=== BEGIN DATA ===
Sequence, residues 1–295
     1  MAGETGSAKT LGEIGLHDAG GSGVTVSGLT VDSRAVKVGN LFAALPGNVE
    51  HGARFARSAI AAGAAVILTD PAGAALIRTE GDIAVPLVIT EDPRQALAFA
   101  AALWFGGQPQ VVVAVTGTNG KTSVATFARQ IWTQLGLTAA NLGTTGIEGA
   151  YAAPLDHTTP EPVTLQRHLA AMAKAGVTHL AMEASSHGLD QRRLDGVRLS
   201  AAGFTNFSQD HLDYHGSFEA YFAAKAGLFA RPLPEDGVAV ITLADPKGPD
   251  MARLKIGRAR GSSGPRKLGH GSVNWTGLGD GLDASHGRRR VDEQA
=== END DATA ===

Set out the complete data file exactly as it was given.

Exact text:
Sequence, residues 1–295
     1  MAGETGSAKT LGEIGLHDAG GSGVTVSGLT VDSRAVKVGN LFAALPGNVE
    51  HGARFARSAI AAGAAVILTD PAGAALIRTE GDIAVPLVIT EDPRQALAFA
   101  AALWFGGQPQ VVVAVTGTNG KTSVATFARQ IWTQLGLTAA NLGTTGIEGA
   151  YAAPLDHTTP EPVTLQRHLA AMAKAGVTHL AMEASSHGLD QRRLDGVRLS
   201  AAGFTNFSQD HLDYHGSFEA YFAAKAGLFA RPLPEDGVAV ITLADPKGPD
   251  MARLKIGRAR GSSGPRKLGH GSVNWTGLGD GLDASHGRRR VDEQA